Apalachicola, Florida is a fun town to spend a day hanging out. There is a neat downtown area, scenic historic district, beautiful waterfront, an active harbor, and even an old cemetery. For whatever reason, I’m always drawn to photograph cemeteries. I don’t know what it is exactly about them, but old cemeteries almost always draw me in. For one thing, I’m a history buff and I love reading the inscriptions. Many times cemeteries are also beautiful.
Both characteristics were in place for this cemetery in Apalachicola. Even though not old by some standards, it was evident that this small town was settled in the early 1800s from the dates on the gravestones. In many places Spanish moss was hanging from ancient live oak trees. The weathering, moss, and wear of the gravestones gave the cemetery an ancient feel.
I often find myself wondering about the lives of the people represented in a cemetery such as this one. I certainly don’t know Charles Ross, but I do know that he was born on the eastern shore of Maryland and somehow found his way to Apalachicola. The anchor on his marker leads me to believe that he was a sailor or fisherman. Knowing the history of the area, it seems likely that Mr. Ross moved to Apalachicola to further his fortunes or was brought there by his family. I don’t know if he died at sea or at peace in his bed, but I’m certainly intrigued to know more about his story.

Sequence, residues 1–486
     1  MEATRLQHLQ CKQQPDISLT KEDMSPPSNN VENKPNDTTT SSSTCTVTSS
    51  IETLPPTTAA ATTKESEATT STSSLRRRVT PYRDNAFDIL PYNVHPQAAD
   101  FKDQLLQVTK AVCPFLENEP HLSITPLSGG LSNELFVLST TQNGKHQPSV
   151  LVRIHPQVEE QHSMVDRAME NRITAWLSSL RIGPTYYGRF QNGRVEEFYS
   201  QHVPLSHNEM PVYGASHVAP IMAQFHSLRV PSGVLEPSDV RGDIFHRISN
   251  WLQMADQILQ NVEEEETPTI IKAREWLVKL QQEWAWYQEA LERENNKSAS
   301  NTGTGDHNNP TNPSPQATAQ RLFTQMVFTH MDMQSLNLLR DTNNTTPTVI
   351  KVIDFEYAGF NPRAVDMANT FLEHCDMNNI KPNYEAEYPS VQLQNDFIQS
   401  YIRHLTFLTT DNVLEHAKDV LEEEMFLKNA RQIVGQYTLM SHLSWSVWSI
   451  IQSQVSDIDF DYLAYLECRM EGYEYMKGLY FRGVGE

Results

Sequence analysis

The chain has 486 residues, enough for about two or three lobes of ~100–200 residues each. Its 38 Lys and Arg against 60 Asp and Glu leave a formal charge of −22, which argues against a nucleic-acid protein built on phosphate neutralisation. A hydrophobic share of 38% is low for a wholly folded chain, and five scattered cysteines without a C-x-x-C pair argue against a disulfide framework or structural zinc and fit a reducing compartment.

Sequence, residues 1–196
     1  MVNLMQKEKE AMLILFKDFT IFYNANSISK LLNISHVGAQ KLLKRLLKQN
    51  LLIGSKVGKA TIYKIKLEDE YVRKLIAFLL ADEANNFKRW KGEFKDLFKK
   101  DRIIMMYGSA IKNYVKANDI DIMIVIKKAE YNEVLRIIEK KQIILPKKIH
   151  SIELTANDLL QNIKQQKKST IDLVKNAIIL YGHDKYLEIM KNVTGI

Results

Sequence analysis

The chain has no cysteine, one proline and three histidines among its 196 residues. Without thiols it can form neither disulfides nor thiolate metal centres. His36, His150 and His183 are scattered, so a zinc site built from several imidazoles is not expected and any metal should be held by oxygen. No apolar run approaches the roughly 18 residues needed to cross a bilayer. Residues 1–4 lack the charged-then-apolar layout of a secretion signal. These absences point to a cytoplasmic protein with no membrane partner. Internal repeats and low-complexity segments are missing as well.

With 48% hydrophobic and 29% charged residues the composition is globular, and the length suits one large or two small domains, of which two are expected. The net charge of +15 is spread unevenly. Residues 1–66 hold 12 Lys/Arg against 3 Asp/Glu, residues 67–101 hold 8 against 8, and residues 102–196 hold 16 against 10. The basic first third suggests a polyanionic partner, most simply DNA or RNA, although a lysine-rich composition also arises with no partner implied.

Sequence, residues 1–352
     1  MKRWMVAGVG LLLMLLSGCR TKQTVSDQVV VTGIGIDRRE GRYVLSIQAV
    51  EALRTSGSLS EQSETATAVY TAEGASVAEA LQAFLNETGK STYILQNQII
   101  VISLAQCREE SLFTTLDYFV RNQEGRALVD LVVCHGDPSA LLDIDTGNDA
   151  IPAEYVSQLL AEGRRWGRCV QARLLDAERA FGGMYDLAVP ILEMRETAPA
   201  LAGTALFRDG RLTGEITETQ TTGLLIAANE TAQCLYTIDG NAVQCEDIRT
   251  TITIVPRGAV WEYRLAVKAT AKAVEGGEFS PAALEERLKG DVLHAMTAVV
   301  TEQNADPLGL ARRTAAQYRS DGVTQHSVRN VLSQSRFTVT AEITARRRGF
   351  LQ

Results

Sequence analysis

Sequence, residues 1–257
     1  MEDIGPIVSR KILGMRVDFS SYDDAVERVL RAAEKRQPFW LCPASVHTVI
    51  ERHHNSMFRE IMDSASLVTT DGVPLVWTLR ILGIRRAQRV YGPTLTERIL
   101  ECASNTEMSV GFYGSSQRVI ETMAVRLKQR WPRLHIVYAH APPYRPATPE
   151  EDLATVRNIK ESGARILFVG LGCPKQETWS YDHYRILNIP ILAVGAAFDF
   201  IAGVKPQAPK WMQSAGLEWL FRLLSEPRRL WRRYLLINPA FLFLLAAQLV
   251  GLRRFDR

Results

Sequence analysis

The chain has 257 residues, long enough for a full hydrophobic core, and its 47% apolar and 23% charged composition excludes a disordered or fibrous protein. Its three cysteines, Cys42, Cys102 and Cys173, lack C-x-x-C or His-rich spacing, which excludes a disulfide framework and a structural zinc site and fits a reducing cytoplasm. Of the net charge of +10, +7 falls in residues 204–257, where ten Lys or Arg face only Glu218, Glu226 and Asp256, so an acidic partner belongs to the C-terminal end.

There’s nothing technically tricky about this shot. It’s pretty straightforward. I do like the patina of the grave marker and the font used on it. I also like the out of focus markers in the background. The image evokes the mood that I had as I wandered through the cemetery one cool spring morning. I hope you enjoy the image as much I enjoyed capturing it.